Terry Adams (musician)

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Terry Adams (2007 at Harpo's, Victoria; Photo: Guy MacPherson)

Terry Douglas Adams (born August 14, 1948 in Louisville (Kentucky) ) is an American fusion musician ( keyboards , composition ), who was best known as a member of NRBQ .

Live and act

Adams, whose brother Donn is also a musician, first played in various rock groups in Louisville, where he also met the guitarist Steve Ferguson, with whom he went to Florida . There they met the bass player Joey Spampinato, the drummer Tom Staley and the singer Frank Gadler, with whom they founded NRBQ in 1967 . The group then moved to New York City , where they received a recording deal in 1969. Adams is still a member of the band, toured with her regularly and was involved in all of the band's albums. Carla Bley also brought him into her group, with whom he can be heard on the albums European Tour 1977 , Musique Mechanique , but also on the recordings of Nick Mason's Fictitious Sports (1979). In 1995 he released the jazz album Terrible under his own name , on which he paid tribute to musicians like Sun Ra and Gary Windo . With Iggy Pop he wrote the song Evil California , which was also used in the soundtrack of the movie Short Cuts (where he also accompanied Annie Ross in the Low Note quintet ). According to Tom Lord , between 1977 and 1996 he participated in 21 jazz recording sessions.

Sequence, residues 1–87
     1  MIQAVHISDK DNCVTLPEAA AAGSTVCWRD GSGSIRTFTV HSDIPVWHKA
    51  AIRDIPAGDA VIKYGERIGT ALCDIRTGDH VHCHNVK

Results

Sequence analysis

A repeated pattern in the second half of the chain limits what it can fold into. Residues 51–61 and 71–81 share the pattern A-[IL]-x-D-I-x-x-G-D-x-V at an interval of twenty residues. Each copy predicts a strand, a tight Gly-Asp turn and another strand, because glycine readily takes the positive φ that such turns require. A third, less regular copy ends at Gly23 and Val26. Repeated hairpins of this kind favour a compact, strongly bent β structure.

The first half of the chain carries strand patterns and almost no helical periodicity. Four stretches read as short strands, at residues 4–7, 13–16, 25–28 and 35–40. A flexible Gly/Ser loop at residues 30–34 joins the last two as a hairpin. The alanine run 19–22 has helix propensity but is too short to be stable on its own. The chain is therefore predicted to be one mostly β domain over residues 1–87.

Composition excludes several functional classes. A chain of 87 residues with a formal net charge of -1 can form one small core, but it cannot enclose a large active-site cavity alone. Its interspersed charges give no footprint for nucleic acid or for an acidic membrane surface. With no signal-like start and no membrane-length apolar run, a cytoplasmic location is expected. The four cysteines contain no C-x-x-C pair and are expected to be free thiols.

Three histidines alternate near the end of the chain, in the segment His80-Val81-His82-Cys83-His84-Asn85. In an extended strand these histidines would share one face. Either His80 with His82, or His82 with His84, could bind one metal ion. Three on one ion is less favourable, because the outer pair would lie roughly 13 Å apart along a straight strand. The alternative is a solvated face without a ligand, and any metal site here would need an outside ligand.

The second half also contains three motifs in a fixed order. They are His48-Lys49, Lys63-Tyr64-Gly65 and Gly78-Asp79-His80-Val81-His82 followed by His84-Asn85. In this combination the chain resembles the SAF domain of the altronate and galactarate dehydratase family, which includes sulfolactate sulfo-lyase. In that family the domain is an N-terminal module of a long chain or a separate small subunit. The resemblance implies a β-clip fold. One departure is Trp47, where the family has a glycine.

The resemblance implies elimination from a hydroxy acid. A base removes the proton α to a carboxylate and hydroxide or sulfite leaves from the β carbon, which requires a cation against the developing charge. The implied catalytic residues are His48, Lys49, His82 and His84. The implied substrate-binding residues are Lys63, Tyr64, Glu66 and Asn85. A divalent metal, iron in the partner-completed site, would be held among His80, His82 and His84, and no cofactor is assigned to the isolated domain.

Discographic notes

  • Terry Adams Terrible (New World Records, 1995, with Jim Hoke, Marshall Allen , Noel Scott, Dave Gordon, Tyrone Hill , Roswell Rudd , Donn Adams, Jim Gordon, Johnny Spampinato, John Sebastian , Joey Spampinato, Greg Cohen , Pete Toigo, Tom Ardolino, Bobby Previte )
  • Terry Adams & Steve Ferguson Louisville Sluggers (Clang !, 1996)
  • Terry Adams & Marshall Allen Ten by Two (Edisun, 1996-97)
  • Rhythm Spell (Clang !, 2007)
  • Love Letter to Andromeda (Clang !, 2008)
  • Holy Tweet (Clang !, 2009)
  • The Terry Adams Rock & Roll Quartet Crazy 8’s (Clang !, 2010)
  • Talk Thelonious (Clang !, 2015)

Web links

Individual evidence

  1. ^ Liner Notes (New World Records 80473). Retrieved May 18, 2019 .
  2. Tom Lord: The Jazz Discography
  3. Review Ten by Two , JazzTimes 6/2005